Heparin sodium salt
Cell Culture Tested
Product Code: HM-TC138
Heparin is a linear polysaccharide consisting of repeating disaccharide units of L-iduronic acid or its epimer D-glucuronic acid and D-glucosamine, which is either N-acetylated or N-sulfated. Heparin is a highly sulfated form of heparan sulfate and belongs to glycosaminoglycan (GAG) group of sugars. Chemically it is acidic in nature. Single molecule of heparin carries 75-100 negative charges. As a result, heparin interacts with a large number of proteins and other basic molecules through ionic and hydrogen bonding interactions. It is involved in a wide range of fundamental biological processes, including proliferation, differentiation, tissue homeostasis, and viral pathogenesis.
- Cell proliferation: Heparin plays a bifunctional role in heterogenous primary cultures. It is used as an effective inhibitor of mesenchymal cell proliferation, whereas, it stimulates proliferation of primary epithelial cells. Hence heparin is extensively used in stem cell biology for study of stem cell growth kinetics.
- Serum free media: Heparin is used as a major component of serum free media for preventing cell aggregation. It promotes growth of human embryonic stem cells in a defined serum free medium by acting as a cofactor for FGF-2. It is required for wholesome growth of cells under serum free conditions.
- Coating of cell culture vessels: Heparin is used for coating surfaces of cell culture plates, flasks and dishes. Heparin interacts with cell adhesion molecules such as selectins and modulates cell adhesion process. Heparin-coated vessels are used in studying heparin-binding protein interactions.
- Cancer research: Heparin is used as an anti-cancer agent in in vitro cancer research. On entering the cells, heparin exerts cytotoxic action, causing cancer cell death by interfering with transcription factor activity. In addition to the above mentioned cell culture applications, heparin is extensively used as an anticoagulating agent in hematology.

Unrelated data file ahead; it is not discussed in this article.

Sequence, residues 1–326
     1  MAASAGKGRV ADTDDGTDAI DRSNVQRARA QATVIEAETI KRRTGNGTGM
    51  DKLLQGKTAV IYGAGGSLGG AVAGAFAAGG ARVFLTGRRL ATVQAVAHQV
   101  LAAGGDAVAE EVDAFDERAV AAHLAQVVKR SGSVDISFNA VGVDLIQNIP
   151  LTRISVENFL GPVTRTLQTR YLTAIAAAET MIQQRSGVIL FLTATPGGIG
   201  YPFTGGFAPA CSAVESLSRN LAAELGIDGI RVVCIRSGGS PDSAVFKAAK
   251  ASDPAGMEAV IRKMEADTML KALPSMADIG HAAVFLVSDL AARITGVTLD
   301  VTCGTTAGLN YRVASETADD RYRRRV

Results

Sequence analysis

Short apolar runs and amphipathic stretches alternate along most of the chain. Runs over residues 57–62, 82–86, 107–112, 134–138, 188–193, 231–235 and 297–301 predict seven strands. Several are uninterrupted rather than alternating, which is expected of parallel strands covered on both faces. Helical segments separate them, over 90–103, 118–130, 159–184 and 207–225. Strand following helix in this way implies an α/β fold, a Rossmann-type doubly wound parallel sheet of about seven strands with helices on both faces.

The USP unit is a measure of the anticoagulant properties of a given heparin product as it acts on anti-thrombin III (AT-III).
Heparin is highly soluble in water (50mg/ml).Heparin solutions should be sterilized by filtering through a sterile membrane filter with a porosity of 0.22micron or less. Heparin solutions of heparin should not be autoclaved as autoclaving may cause cross-linking of the sugars and disruption of heparin structure. This may result in precipitation and loss of activity of heparin.
- Appearance: White to offwhite powder.
- Solubility: Clear colorless solution at 5gm in 100ml of water .
- pH of 1% solution in water: 5.00 -7.50
- Nitrogen: 1.3% -2.5%
- Heavy metals: NMT 0.003%
- Loss on drying: NMT 8%
- Potency in USP unit/mg: 140 UN/mg
- Sterility: No bacterial or fungal growth is observed after 14 days of incubation, as per USP specification.
- Cell Culture Test: Passes
Storage and Shelf Life:
- Store heparin powder at 2°-8°C away from bright light.
- Shelf life is 48 months.
- Heparin solutions remain stable for up to 2 year when stored at 2°-8°C. Being a polysaccharide, heparin is highly susceptible to microbial contamination. For long term storage, heparin solutions should be filter sterilized.
- Heparin solutions should not be stored at frozen temperatures.
- Use before expiry date given on the product label.